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Chronological Reasoning and Causation

Environmental Issues: Is there enough water?

  1. Load High Bridge in New York City Built to Accommodate the Croton Aqueduct in Main Image Viewer
  2. Load Croton Dam from Above, Showing Spillways, Gates, and Bridges in Main Image Viewer
  3. Load New York. Croton Dam and end of reservoir, Westchester Co. in Main Image Viewer
  4. Load Ashokan Reservoir, New York, Aerial View in Main Image Viewer
  5. Load Catskill Aqueduct in Main Image Viewer
  6. Load Gilboa Reservoir, Looking South in Main Image Viewer
  7. Load Map of the Northern Section of New York City's Water System in Main Image Viewer
  8. Load Map of the Southern Section of New York City's Water System in Main Image Viewer

Suggested Teaching Instructions

Setting the Stage
Introduce the New York City water system using this video from PBS Learning Media so students will understand the current system for New York City’s water supply. Discuss the current system and possible impacts on surrounding areas.
Liquid Assets: A Water System


Learning Standards and Practices
Social Studies
8.8 DEMOGRAPHIC CHANGE: After World War II, the population of the United States rose sharply as a result of both natural increases and immigration. Population movements have resulted in changes to the American landscape and shifting political power. An aging population is affecting the economy and straining public resources. (Standards: 1, 3, 4, 5; Themes: ID, GEO, SOC, GOV, ECO)
8.8c Pollution, population growth, the consumption of natural resources, clearing of land for human sustenance, and large-scale industrialization have put added stress on the global environment.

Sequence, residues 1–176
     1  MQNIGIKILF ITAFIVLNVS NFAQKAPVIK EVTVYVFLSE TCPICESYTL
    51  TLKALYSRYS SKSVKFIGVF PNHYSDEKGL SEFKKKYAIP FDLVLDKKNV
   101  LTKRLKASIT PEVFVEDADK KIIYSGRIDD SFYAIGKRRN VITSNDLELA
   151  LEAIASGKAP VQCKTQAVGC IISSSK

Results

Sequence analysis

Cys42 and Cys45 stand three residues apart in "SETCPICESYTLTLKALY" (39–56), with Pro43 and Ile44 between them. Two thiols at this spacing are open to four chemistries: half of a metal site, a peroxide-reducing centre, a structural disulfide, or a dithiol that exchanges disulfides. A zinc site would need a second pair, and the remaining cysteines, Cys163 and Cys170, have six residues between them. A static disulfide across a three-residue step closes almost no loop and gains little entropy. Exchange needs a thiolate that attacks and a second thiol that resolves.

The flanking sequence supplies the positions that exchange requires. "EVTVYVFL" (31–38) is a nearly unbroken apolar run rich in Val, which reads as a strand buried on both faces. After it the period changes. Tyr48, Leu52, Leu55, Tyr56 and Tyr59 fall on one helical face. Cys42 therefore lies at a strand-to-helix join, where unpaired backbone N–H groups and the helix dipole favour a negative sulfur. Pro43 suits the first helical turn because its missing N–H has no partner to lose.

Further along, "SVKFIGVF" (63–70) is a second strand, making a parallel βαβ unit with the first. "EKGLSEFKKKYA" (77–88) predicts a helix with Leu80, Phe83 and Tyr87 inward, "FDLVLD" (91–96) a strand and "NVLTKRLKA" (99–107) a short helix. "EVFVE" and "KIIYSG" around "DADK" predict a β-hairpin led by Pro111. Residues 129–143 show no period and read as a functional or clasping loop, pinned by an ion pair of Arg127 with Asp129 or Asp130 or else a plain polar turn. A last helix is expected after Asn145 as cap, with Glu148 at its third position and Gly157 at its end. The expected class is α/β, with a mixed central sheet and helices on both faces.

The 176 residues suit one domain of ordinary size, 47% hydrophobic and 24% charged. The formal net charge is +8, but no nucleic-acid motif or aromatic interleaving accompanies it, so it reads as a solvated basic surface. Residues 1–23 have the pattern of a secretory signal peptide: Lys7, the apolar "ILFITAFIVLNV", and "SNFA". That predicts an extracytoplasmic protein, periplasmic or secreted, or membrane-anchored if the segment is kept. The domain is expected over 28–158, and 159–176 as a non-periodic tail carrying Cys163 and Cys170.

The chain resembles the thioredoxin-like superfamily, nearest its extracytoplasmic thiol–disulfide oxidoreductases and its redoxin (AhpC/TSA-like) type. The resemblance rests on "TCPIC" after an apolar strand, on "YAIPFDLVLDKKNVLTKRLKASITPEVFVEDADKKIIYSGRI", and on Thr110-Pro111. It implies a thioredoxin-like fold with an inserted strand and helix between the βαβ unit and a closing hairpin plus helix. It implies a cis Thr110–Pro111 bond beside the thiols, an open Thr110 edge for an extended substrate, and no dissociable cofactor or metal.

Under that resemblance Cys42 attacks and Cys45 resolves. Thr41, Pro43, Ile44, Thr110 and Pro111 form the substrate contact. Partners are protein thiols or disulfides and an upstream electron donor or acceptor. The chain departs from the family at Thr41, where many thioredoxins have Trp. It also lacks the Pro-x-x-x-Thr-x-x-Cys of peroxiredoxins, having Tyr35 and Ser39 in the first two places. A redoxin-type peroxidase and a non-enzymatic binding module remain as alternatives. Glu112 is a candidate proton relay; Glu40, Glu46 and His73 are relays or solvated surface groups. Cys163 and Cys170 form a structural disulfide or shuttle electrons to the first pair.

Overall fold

Ø Students will explore the effects of pollution, industrialization, and population growth on the environment, including urban areas (Love Canal), plant and animal life (Adirondack Park) and energy sources (Three Mile Island).
Science – 8th Grade Earth Science (Human Impact)
MS-ESS3-3. Apply scientific principles to design a method for monitoring and minimizing a human impact on the environment.* [Clarification Statement: Examples of the design process could include examining human environmental impacts, assessing the kinds of solutions that are feasible, and designing and evaluating solutions that could reduce that impact. Examples of human impacts could include water usage (such as the withdrawal of water from streams and aquifers or the construction of dams and levees), land usage (such as urban development, agriculture, or the removal of wetlands), and pollution (such as of the air, water, or land).]
MS-ESS3-4. Construct an argument supported by evidence for how increases in human population and per-capita consumption of natural resources impact Earth’s systems. [Clarification Statement: Examples of evidence could include grade-appropriate databases on human populations and the rates of consumption of food and natural resources (such as freshwater, mineral, and energy). Examples of impacts could include changes to the appearance, composition, and structure of Earth’s systems as well as the rates at which they change. The consequences of increases in human populations and consumption of natural resources are described by science, but science does not make the decisions for the actions society takes.]